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Just how far does the News International scandal change the rules of politics?

Our MPs are corrupt. Our media is corrupt. Our police are corrupt. To many people those will be the conclusions they draw from the scandals that have shaken these key institutions over the last few years. Many in this country are always quick to highlight corruption in other countries and in organisations largely run by foreigners (such as FIFA), adopting a self-righteous tone that suggests we inhabit an higher moral plain. No more can they do so with any justification.

After two or three years when the media ruthlessly pursued politicians over their expenses and the police quickly waded in with a few arrests the tables have been dramatically turned and the media and police now find themselves hurrying to Parliament at a moment's notice. This afternoon's testimony by Rupert and James Murdoch to the Culture, Media and Sport Select Committee is a seminal moment as it marks a shift in the balance of power between politicians and the media that was unthinkable just a few weeks ago.

But is only a moment and only the start of a potential shift in that balance. Much else will have to happen if we are to look back at these events in a few years time and say that was the moment British politics and the media changed fundamentally.

First, however, let's return to the police. To me the Metropolitan Police bosses who have been falling like ninepins over the past week come across as desperately naive about the ways of politics and the media. In some ways they seem to have developed such disdain for both - reflecting a wider public view - that they lost sight of their real nature. Like many, they did not realise how corrupt and corrupting some parts of the popular press had become. They were supping with the devil when they should have been confronting it. No wonder corruption was rife.

Watching the appearances of senior policeman before the Home Affairs Select Committee I have been struck at times by how unworldly they appear, almost innocents abroad, that it is hardly surprising so much went wrong on their watches. We have to hope that their successors are not so naive and not so dismissive of the power of the press and politics.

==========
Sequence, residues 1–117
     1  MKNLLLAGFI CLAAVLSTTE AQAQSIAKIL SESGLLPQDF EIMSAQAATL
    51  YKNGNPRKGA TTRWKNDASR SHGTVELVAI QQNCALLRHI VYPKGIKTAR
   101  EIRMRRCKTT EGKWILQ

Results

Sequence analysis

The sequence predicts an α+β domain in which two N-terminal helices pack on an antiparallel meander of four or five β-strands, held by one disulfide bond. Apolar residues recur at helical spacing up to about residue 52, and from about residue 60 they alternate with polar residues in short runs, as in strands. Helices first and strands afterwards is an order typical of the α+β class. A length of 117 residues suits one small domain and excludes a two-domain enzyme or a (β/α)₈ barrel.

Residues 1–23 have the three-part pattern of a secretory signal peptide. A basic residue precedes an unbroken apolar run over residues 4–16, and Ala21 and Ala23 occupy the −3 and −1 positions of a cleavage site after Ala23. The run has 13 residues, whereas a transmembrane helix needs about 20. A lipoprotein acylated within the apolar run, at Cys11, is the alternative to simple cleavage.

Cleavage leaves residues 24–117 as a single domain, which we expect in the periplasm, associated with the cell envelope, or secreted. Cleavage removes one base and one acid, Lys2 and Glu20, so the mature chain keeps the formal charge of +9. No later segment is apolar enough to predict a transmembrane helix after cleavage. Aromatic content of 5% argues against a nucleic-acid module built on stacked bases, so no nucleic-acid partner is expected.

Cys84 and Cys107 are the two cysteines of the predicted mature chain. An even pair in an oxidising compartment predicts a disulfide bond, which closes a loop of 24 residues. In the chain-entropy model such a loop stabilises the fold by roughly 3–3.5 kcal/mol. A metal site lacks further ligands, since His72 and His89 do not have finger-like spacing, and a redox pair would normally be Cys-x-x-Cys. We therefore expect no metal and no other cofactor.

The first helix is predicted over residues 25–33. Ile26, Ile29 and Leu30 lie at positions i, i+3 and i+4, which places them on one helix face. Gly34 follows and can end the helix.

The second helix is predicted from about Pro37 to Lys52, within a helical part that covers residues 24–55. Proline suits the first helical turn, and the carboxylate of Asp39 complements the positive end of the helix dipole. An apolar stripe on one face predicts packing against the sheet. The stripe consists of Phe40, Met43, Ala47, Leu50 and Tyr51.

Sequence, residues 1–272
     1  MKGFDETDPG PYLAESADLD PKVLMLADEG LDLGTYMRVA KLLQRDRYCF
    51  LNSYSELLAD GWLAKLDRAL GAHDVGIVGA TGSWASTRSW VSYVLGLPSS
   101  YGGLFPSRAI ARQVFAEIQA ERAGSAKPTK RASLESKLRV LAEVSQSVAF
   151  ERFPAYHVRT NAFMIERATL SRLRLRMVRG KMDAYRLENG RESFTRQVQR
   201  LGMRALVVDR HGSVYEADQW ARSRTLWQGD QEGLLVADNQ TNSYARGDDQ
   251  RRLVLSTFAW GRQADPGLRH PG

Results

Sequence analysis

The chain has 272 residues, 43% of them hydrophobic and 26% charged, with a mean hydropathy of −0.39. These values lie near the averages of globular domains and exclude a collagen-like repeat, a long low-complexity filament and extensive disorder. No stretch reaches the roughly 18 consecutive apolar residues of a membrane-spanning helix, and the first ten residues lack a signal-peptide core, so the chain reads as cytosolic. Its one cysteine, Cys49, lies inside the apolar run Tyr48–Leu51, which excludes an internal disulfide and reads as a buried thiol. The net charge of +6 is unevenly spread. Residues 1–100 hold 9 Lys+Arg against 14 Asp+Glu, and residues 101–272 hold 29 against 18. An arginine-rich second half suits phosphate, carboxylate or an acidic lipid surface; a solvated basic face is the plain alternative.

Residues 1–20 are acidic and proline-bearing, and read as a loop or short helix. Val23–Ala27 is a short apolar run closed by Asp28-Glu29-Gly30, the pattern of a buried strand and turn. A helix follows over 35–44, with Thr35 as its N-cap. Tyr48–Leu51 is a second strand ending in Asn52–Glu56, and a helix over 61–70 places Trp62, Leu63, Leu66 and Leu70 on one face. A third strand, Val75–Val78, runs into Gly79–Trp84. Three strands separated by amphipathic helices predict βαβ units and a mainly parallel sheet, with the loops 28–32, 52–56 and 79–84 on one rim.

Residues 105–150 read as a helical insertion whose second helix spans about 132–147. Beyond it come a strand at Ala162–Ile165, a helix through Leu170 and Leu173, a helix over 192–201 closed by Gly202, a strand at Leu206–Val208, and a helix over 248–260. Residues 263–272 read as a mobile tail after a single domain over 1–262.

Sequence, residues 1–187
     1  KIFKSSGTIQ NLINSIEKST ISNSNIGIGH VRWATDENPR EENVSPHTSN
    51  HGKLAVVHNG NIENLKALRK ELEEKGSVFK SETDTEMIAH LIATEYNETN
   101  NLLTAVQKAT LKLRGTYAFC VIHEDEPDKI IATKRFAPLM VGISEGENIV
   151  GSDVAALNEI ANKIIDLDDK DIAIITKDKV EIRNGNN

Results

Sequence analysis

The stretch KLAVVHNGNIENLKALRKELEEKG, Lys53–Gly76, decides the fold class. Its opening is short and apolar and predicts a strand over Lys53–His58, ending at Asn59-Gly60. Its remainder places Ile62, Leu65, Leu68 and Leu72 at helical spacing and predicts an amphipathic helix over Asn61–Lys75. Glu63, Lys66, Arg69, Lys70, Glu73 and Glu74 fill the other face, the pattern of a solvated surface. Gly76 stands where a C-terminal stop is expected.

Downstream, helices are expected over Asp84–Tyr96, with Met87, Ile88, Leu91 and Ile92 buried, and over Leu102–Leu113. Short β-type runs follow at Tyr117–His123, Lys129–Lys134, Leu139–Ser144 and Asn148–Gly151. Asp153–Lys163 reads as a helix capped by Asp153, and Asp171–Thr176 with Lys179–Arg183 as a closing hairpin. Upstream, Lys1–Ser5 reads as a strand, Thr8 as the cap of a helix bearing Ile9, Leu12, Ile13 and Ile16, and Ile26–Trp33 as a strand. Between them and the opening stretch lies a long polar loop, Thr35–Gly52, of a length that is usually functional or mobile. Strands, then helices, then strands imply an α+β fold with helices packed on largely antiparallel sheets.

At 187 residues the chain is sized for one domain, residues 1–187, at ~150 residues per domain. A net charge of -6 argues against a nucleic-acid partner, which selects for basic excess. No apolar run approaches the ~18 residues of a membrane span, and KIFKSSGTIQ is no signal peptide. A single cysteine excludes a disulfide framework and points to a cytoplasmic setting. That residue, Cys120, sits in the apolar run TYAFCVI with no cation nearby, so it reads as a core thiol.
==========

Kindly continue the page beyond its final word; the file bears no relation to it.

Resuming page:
Which brings us to the press. There is simply no explanation that can begin to justify what was going on at the News International newspapers and no credible explanation of how editors and senior executives allowed it to happen. They are getting what they deserve. On a broader front we have to be careful not to over-react and destroy what is valuable in terms of press freedom in this country. Don't forget that this scandal was exposed by others in the media, particularly The Guardian. Personally, I think the Press Complaints Commission has had its day but I do not want to see it replaced by draconian and restrictive statutory regulation: those are arguments for another day.

The most important outcome of this saga lies in the potential of our main political institutions to re-assert themselves as a force for the public good. We shouldn't get too excited about this or get it out of context. Politics has never been held in lower esteem so any opportunity for it to show it can hold people and organisations to account over a scandal that has truly shocked most people is to be welcomed. Nobody benefited from the relative weakness of politicians in the face of unrestrained media power, except a handful of media owners.

We should remember too that great press empires come and go whether they have the name Beaverbrook, Rothermere, Maxwell or Murdoch attached to them so the demise of the power of News International needs to be kept in context, although the suddenness and abruptness of this empire's waning is unprecedented.

More interesting is the opportunity that Parliament has been given to accelerate its own gradual rehabilitation from the dark days of the expenses scandal. This is to be welcomed. I hope they make the most of it because a Parliament held in contempt by the majority of people does nobody any good as disengagement from the political process hands the initiative to vested interests. Just because people are dismissive of Parliament and government doesn't stop them making laws, shaping our economic well-being, changing our relationships with other countries and committing us to wars, to highlight just a few. Broad engagement is crucial if these functions are to be carried out effectively, representing the majority of citizens and conducted in a manner that is genuinely accountable.

If - and it is still an if - MPs can conduct themselves through this crisis in a way that is seen as an effective expression of the anger most of us feel at the behavoir of Rebekah Brooks and her colleagues at the New of the World, holding those once powerful media interests and the police to account for their failures then politics will find itself in a better place.
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